September 25, 2021

#BookReview: The Black Witch (The Black Witch Chronicles #1) by @laurieannforest

Synopsis: A new Black Witch will rise…her powers vast beyond imagining.

Elloren Gardner is the granddaughter of the last prophesied Black Witch, Carnissa Gardner, who drove back the enemy forces and saved the Gardnerian people during the Realm War. But while she is the absolute spitting image of her famous grandmother, Elloren is utterly devoid of power in a society that prizes magical ability above all else.

When she is granted the opportunity to pursue her lifelong dream of becoming an apothecary, Elloren joins her brothers at the prestigious Verpax University to embrace a destiny of her own, free from the shadow of her grandmother’s legacy. But she soon realizes that the university, which admits all manner of people—including the fire-wielding, winged Icarals, the sworn enemies of all Gardnerians—is a treacherous place for the granddaughter of the Black Witch.

As evil looms on the horizon and the pressure to live up to her heritage builds, everything Elloren thought she knew will be challenged and torn away. Her best hope of survival may be among the most unlikely band of rebels…if only she can find the courage to trust those she’s been taught to fear.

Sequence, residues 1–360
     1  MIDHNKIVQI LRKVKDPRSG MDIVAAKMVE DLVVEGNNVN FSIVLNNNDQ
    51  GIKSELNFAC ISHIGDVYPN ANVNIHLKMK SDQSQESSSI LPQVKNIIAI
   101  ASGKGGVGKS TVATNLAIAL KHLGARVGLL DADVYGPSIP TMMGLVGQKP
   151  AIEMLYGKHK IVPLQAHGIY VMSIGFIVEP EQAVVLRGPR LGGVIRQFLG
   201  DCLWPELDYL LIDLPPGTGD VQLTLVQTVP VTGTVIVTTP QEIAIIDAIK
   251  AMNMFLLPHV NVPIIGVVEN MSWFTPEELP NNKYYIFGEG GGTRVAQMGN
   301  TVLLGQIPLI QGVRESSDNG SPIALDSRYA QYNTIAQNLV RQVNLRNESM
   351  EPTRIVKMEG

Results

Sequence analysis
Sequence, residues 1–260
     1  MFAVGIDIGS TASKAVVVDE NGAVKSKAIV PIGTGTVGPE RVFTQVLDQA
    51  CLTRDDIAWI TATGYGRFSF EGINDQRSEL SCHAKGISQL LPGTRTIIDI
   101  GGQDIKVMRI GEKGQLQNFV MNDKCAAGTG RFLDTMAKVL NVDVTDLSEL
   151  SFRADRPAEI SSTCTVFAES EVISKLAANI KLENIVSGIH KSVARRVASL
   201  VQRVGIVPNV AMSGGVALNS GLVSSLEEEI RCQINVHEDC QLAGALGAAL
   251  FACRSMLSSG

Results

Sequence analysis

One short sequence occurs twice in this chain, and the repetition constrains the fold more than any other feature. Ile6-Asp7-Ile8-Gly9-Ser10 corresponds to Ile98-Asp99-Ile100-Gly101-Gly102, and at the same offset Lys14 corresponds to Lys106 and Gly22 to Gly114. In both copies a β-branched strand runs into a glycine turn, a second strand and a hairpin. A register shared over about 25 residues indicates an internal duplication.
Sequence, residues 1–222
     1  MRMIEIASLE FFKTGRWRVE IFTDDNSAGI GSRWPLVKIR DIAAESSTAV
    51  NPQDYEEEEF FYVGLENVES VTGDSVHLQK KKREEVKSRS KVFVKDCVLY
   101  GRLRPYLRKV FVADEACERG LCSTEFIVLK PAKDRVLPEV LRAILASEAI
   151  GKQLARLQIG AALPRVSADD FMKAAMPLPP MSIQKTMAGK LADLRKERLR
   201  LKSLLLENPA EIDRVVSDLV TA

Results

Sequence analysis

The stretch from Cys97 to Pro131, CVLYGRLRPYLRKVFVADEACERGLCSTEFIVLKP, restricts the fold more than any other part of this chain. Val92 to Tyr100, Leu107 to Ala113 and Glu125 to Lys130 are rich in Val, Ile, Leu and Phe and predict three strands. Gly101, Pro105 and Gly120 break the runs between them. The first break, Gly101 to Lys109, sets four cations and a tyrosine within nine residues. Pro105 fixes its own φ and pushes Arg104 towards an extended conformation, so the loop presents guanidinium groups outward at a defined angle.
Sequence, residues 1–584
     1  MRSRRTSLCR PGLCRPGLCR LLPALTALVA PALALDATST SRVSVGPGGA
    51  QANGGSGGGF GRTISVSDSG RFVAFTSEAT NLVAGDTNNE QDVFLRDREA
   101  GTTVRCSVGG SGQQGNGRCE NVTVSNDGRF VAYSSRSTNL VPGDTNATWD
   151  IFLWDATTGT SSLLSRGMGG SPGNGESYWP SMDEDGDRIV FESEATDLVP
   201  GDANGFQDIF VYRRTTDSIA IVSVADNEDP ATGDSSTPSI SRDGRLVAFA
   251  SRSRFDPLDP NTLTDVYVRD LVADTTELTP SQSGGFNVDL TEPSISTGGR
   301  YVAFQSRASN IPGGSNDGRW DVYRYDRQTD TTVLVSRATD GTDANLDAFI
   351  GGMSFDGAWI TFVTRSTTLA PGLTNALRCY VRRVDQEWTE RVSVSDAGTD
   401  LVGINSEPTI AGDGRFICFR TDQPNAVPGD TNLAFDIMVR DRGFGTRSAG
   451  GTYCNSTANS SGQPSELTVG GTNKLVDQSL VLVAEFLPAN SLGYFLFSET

My Review: 
  I do not say this very often about books, especially when those books just clear 600 pages. But this book is out of this world! If you haven't picked this one up yet you need to. Then you need to take out like a full week of reading time to take your time reading it. (wow that was a tongue twister). 

First off I want everyone to understand that I have had heard all of the bad things said about this book. But after reading it I have to wonder if those people have read the book at all. Because this book is about so many things at least in my eyes. First off it's about a girl named Elloren that has lived a sheltered life away from the prying eyes of those in power only to be thrust into a world at University where she is confronted by everything she is supposed to hate. She can not go against her religion and her values right off the bat. That just doesn't make sense in a story such as this. This is a story that is trying to show you how not accepting people is bad! That we need to accept others and with everything going on right now in the world with immigration etc. I would think that this would be a wonderful book to read. For that main fact.